Taiwan shares end down amid growing U.S.-China tensions
Taipei, Aug. 7 (CNA) Shares in Taiwan moved lower Friday as market sentiment was spooked by rising tensions between the United States and China after a U.S. ban on two major Chinese tech companies, dealers said.
Cautious sentiment was also seen in the Taiwan market ahead of the release of the U.S. job data for July, which is expected to reflect the economic impact of the COVID-19 pandemic, dealers said.
The weighted index on the Taiwan Stock Exchange (TWSE) or the Taiex closed down 84.63 points, or 0.66 percent, at 12,828.87, after moving between 12,791.18 and 12,912.63, on turnover of NT$238.11 billion (US$8.1 billion).
The market opened down 0.09 percent and fell slightly early in the session, but selling escalated after 10 a.m. as investors took cues from the losses on the Shanghai, Shenzhen and Hong Kong markets, which were spurred by the U.S.' ban on transactions with the Chinese tech companies Tencent and ByteDance, dealers said.
On the main board semiconductor and optoelectronics stocks, which had been driving the market's recent gains, came under pressure, dealers added.
U.S. President Donald Trump's executive order that banned American companies from doing business with Tencent and ByteDance has escalated the tensions between the U.S. and China to the national security level, spooking many investors in the Asian region, according to Concord Securities analyst Kerry Huang.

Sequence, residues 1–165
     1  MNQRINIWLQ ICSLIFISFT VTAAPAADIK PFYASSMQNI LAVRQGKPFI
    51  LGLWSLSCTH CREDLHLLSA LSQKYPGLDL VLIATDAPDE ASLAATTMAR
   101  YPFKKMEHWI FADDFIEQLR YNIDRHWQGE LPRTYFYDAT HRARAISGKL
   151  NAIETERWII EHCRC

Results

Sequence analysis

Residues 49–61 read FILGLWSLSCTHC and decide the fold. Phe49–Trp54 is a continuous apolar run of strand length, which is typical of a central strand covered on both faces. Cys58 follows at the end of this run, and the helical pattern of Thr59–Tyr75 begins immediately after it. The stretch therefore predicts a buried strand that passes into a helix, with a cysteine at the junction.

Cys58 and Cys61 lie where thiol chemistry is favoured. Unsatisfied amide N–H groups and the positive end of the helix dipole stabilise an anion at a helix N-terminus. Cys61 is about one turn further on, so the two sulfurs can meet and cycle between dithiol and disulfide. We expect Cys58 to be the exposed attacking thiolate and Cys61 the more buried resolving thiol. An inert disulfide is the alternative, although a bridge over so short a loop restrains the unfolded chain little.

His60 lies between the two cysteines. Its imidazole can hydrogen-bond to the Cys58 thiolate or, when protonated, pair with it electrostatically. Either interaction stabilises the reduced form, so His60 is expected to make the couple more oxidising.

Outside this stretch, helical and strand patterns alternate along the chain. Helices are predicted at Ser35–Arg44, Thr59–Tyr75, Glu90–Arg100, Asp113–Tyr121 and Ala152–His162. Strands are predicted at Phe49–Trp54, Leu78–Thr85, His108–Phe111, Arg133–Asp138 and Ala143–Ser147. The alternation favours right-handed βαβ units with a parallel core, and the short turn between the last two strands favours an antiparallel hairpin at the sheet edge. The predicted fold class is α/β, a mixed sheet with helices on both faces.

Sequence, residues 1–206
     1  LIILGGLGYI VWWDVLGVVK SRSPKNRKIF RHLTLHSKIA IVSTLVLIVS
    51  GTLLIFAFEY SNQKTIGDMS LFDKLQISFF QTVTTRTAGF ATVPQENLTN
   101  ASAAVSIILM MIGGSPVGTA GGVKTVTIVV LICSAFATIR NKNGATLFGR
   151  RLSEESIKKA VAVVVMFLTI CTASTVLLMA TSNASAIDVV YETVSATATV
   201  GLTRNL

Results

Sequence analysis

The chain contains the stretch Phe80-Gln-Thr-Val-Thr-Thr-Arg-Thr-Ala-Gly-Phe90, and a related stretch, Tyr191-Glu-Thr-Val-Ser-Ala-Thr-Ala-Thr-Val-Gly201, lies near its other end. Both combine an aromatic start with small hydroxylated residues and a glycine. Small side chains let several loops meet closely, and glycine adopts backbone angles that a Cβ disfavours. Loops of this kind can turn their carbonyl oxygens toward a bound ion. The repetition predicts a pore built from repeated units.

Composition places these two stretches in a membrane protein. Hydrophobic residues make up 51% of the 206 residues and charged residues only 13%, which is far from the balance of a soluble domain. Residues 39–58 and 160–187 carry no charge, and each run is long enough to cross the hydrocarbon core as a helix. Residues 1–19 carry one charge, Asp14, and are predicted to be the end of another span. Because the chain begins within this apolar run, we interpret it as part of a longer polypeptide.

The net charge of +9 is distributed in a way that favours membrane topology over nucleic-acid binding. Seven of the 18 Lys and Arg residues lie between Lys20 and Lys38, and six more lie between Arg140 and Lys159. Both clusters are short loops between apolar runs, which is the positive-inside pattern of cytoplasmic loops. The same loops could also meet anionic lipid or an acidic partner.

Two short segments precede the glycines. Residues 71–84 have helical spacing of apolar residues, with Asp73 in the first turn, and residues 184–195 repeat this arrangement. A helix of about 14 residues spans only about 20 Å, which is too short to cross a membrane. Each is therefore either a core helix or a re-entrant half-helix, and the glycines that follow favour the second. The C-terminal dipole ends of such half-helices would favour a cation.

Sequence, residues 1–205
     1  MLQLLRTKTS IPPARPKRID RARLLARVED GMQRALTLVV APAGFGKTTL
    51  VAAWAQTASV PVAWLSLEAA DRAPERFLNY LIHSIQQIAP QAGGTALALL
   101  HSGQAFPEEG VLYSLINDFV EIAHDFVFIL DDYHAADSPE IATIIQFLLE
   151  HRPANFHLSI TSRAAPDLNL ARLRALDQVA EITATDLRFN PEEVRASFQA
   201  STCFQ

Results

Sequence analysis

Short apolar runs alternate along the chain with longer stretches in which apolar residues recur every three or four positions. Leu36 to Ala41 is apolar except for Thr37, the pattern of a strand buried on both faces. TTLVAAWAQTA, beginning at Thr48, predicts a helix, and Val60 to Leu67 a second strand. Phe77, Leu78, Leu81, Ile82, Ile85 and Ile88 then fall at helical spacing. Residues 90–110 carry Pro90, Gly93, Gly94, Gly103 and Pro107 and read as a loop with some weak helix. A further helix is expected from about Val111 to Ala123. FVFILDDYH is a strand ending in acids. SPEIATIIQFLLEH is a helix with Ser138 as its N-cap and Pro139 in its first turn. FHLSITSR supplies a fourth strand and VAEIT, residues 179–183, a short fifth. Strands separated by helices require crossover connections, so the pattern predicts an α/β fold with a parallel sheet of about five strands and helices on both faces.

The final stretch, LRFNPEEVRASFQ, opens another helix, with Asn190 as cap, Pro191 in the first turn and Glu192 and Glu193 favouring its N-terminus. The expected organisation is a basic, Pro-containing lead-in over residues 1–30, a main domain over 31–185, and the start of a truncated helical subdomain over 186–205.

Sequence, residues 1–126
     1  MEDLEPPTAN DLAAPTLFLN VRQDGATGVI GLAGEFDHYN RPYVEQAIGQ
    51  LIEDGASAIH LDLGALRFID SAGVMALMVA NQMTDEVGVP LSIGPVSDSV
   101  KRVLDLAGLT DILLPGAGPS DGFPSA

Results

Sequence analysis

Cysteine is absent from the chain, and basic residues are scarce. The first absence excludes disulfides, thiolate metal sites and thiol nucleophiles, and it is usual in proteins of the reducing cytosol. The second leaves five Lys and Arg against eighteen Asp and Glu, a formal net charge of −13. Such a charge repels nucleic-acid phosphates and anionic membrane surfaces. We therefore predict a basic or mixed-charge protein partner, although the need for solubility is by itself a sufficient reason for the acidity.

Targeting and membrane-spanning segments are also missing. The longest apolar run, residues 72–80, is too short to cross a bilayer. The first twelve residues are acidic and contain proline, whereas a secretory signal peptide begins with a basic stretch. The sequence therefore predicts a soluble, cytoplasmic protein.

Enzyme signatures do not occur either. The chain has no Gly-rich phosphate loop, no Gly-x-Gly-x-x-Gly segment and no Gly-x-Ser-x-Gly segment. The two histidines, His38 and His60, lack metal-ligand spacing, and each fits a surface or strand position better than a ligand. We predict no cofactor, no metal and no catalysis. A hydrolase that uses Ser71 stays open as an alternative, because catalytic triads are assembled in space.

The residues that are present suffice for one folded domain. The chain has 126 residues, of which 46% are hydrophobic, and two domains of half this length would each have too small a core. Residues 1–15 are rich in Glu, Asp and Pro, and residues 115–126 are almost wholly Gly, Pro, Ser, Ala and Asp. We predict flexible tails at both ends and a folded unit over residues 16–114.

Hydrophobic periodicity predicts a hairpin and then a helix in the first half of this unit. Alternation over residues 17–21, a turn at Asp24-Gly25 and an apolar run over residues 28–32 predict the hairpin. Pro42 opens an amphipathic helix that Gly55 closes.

"As the Taiex moved closer to the nearest stiff technical resistance of 13,000 points, investors were seizing on any negative leads to lock in their earlier gains, and the ban on Tencent and ByteDance provided such an opportunity," Huang said.
The bellwether electronics sector, led by large-cap tech stocks, came under heavy pressure, with contract chipmaker Taiwan Semiconductor Manufacturing Co. (TSMC), the most heavily weighted stock on the local market, falling 0.46 percent to close at NT$433.00.
The selling also spread to other semiconductor stocks, with United Microelectronics Corp. (UMC), a smaller rival to TSMC, dropping 3.76 percent to end at NT$25.60, and integrated circuit designer Novatek Microelectronics Corp. falling 6.96 percent to close at NT$294.00.
"TSMC was one of the major targets of the selling, but because of its healthy fundamentals, it may see strong technical support at around NT$425 to NT$427," Huang said.
Meanwhile, Largan Precision Co., a smartphone camera lens supplier to Apple Inc., dropped 3.00 percent to close at NT$4,075.00, and iPhone assembler Hon Hai Precision Industry Co. lost 0.89 percent to end at NT$78.30.
While the electronics sector fell 0.8 percent and the optoelectronics segment lost 1.00 percent, some old economy stocks seemed resilient throughout the session, Huang said.
Among them, Formosa Plastics Corp. gained 0.63 percent to close at NT$79.60, and Eclat Textile Co. rose 1.23 percent to end at NT$370.00.
Amid continued concerns over the COVID-19 pandemic, drug developer Chunghwa Chemical Synthesis & Biotech Co. rose 3.56 percent to close at NT$55.30, and virus test kit supplier Panion & BF Biotech Inc. added 2.09 percent to end at NT$122.00.
In the financial sector, which fell 0.66 percent, Fubon Financial Holding Co. lost 0.96 percent to close at NT$41.15, and Cathay Financial Holding Co. fell 0.87 percent to end at NT$39.85.
Huang said investors were cautious as they awaited the U.S. non-farm payroll data for July, which was due later in the day.
"As the number of COVID-19 cases worldwide continues to rise, investors are looking for a broader picture about the impact of the pandemic on the world's largest economy," he said.
According to the TWSE's data, foreign institutional investors sold a net NT$12.30 billion worth of shares on the main board Friday.
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